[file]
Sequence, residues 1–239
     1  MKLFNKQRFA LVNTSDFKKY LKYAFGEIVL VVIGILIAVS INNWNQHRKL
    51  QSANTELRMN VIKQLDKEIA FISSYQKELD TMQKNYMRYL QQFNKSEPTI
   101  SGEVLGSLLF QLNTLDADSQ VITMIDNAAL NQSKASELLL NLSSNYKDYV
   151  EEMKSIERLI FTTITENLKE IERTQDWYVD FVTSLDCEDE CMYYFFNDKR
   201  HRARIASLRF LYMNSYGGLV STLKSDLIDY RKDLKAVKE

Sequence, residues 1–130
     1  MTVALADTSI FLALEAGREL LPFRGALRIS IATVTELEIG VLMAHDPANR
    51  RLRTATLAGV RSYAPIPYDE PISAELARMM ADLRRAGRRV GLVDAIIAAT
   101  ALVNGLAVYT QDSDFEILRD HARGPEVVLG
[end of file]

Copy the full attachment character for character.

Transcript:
Sequence, residues 1–239
     1  MKLFNKQRFA LVNTSDFKKY LKYAFGEIVL VVIGILIAVS INNWNQHRKL
    51  QSANTELRMN VIKQLDKEIA FISSYQKELD TMQKNYMRYL QQFNKSEPTI
   101  SGEVLGSLLF QLNTLDADSQ VITMIDNAAL NQSKASELLL NLSSNYKDYV
   151  EEMKSIERLI FTTITENLKE IERTQDWYVD FVTSLDCEDE CMYYFFNDKR
   201  HRARIASLRF LYMNSYGGLV STLKSDLIDY RKDLKAVKE

Sequence, residues 1–130
     1  MTVALADTSI FLALEAGREL LPFRGALRIS IATVTELEIG VLMAHDPANR
    51  RLRTATLAGV RSYAPIPYDE PISAELARMM ADLRRAGRRV GLVDAIIAAT
   101  ALVNGLAVYT QDSDFEILRD HARGPEVVLG